Source: 12 mental benefits of exercise.
Study like Spencer Hastings:
- Research: Read books, read journals, search online articles and publications, etc, perform field studies, question everything.
- Study with friends: Quiz your friends, tutor courses you’re good at, work in groups and help each other with assignments.
- Stay organized: File your papers, color-code, organized chaos always.
- Friendly competition: Motivate yourself, join competitions, try not to fight with your sister, remember to encourage and respect your peers.
- Get involved: Sports, debate, language, school productions, writing etc. Participate in anything that showcases your skills and talent.
- Ask for help: Talk to your teachers/profs, get to know your school services, and you can always make an appointment with a local psychologist (before things spiral out of hand..)
- Don’t speed. Just don’t do it
- Stay interested and explore your options: Attend campus tours or events, volunteer, stay connected to peers from different areas, network, apply to more than one option (be it schools, scholarships etc.)
- Caffeinate, but remember to hydrate. Coffee, coffee, redbull, coffee, tea, coffee, sometimes water.
- Sleep: what is sleep?
Some people don’t know what “studying” means or don’t know how to study because there’s not really a precise definition. Here’s a general overview of how to study which will help you get those grades in class!
1. Take good notes from class. Even if you don’t “feel the need” to write anything down, at least write down the outline of what you’re learning in class. That way, studying will be way easier. Studying is basically reading your notes and understanding information.
2. Read the textbook chapters and pages assigned to you by your professor. Make sure you get a really good idea of what you’re learning.
3. If there is math or science involved, make sure you work through practice problems until you memorize and understand how the process of the problem solving works.
4. Make sure you understand the textbook chapters and things learned in class FULLY. Ask your teachers/friends any question you may have.
Some helpful links I found, and they all open in a new page!!
Assignment Calculator // helps break down your assignment into steps!!
1. It’s official name and how it’s spelled.
You don’t want to mess that up on rec envelopes or on your supplement essay. For example, it’s William & Mary, not William and Mary.
And yes, there’s a difference. Don’t be that kid who spells Wesleyan Weslyan.
2. How many students attend?
What are you getting into? Is this a massive metropolis, or a tiny village smaller than your high school? This is important, so think about it.
3. What are its colors, and what is its mascot?
Also if it matters to you, what sports are big?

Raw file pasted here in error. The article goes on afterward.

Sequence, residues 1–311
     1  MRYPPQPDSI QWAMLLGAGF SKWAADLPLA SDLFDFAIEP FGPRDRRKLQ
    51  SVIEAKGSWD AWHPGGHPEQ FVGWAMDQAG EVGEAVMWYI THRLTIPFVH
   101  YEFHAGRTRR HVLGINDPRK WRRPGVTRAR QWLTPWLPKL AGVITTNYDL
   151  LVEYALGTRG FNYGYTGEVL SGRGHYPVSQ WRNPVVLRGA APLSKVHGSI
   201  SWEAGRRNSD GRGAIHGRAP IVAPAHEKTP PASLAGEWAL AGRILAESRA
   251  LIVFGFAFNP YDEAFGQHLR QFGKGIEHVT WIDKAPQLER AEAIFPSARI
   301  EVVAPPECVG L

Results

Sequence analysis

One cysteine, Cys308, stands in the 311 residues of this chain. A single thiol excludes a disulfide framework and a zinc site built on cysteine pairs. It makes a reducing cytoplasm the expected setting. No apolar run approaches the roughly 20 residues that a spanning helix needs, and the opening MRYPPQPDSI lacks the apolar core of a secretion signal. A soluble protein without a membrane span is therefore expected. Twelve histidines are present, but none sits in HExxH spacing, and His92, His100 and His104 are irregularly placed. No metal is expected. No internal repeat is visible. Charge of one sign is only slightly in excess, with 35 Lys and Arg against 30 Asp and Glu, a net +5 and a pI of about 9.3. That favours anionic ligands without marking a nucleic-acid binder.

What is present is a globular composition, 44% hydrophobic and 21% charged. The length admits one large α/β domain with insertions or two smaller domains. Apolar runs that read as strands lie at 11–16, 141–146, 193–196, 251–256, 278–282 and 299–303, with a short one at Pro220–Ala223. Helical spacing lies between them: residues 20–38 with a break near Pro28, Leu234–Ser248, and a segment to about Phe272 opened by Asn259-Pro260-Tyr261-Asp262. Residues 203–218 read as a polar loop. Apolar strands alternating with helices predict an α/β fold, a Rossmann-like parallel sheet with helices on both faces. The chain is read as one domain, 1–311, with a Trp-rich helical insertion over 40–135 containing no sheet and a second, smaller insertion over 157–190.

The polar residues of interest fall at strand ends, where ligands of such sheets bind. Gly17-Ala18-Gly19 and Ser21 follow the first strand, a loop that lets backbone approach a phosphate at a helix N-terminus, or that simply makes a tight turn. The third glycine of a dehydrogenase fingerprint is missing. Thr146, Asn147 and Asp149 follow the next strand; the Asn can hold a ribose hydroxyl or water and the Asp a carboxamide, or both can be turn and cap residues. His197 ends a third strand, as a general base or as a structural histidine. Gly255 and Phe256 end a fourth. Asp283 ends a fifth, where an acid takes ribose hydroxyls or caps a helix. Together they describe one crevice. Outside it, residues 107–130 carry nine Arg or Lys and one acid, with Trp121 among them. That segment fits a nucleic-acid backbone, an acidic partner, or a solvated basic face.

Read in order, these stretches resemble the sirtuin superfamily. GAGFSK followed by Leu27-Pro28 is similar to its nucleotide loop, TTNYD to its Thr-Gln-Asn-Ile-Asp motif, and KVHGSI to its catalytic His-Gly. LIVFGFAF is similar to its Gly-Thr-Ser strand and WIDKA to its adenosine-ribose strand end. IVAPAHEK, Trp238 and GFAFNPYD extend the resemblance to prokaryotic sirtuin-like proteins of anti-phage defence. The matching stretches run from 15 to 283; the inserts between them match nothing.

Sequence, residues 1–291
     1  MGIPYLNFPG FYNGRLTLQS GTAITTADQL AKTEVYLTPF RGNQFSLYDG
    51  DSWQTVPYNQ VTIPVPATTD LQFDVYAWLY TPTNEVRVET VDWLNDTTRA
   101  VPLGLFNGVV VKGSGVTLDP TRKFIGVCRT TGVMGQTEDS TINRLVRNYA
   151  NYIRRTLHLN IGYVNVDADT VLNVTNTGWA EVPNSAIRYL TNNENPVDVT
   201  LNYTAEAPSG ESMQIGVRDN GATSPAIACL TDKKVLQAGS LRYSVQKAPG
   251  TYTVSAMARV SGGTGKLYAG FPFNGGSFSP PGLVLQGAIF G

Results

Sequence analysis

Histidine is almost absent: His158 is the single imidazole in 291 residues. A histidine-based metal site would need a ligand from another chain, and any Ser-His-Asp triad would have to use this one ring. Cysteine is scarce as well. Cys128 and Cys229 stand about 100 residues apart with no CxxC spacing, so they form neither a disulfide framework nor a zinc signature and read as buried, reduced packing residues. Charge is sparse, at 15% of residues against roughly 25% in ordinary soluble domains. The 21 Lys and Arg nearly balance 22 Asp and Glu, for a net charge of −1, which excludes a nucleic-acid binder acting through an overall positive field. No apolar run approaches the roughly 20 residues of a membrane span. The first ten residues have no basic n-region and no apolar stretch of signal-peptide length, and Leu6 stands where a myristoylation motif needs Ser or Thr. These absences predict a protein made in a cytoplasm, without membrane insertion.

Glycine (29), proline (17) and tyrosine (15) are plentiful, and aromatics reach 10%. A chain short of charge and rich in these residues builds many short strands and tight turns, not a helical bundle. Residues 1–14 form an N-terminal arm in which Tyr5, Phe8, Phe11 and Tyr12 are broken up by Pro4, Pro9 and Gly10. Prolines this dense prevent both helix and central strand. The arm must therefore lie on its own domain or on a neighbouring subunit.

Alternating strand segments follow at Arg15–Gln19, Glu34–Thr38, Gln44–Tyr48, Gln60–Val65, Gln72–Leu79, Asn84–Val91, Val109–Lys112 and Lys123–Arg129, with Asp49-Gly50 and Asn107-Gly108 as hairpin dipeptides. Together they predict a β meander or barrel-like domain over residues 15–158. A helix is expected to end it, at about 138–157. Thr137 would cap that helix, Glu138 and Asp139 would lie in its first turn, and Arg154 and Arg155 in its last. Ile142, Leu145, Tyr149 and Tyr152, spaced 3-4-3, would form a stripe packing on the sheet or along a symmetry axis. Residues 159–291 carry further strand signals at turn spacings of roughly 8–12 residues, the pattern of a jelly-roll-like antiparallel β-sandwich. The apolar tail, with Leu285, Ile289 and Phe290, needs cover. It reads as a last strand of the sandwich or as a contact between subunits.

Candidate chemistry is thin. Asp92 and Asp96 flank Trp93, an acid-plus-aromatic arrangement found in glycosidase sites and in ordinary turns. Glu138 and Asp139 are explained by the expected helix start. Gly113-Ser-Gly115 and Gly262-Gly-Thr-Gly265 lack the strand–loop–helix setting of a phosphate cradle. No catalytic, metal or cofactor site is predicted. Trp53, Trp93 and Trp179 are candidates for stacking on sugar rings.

You’re going to be wearing a lot of their colors, so make sure you know those little details as well as the bigger stats.
4. What are the core requirements like?
Tutorial: how to make organized notes.
- Read the objectives of the lecture. If there aren’t any, flip through the lecture slides and make an outline. This puts into perspective what you need to be learning and what you should get out of this lecture.
- Skim the book to get familiar with how the information is divided compared to your outline or objectives. While doing this, you’ll figure out whether or not you need the extra details from the book. Sometimes the lecture is enough and you could keep the textbook just as a reference to things you don’t get.
- Write down the first objective and flip to the page in the book that has the information pertaining to that objective. Read the lecture slide then refer to the book for details.
- Combine your lecture notes with the textbook information. Do this by rewriting the information in your own words and try to be as concise as possible.
- Keep doing this for every objective. Paste things if it helps.
- Make sure that you’re not just copying information. Use visual aids as much as possible. Put the information in a table, flowchart, diagram, etc.. (refer to this post to see how I make my flowcharts).
- When you’re done with all your objectives, go through the lecture and your notes to make sure you didn’t miss anything.
General tips on how to keep them organized:
- Be systemic. Making objective-oriented notes is one way to do that.
- Use two (or more colors). Color-coding information helps me remember it + it doesn’t look that bad.
- Section your objectives according to the topic. Then make sure that when you’re writing out the information, it’s in a sequence that’s understandable.
Disclaimer: this is the way I’ve been making my notes since I started med school. By no means am I claiming it’s perfect or that everybody should follow it.
Hope this helps and as always, happy studying :)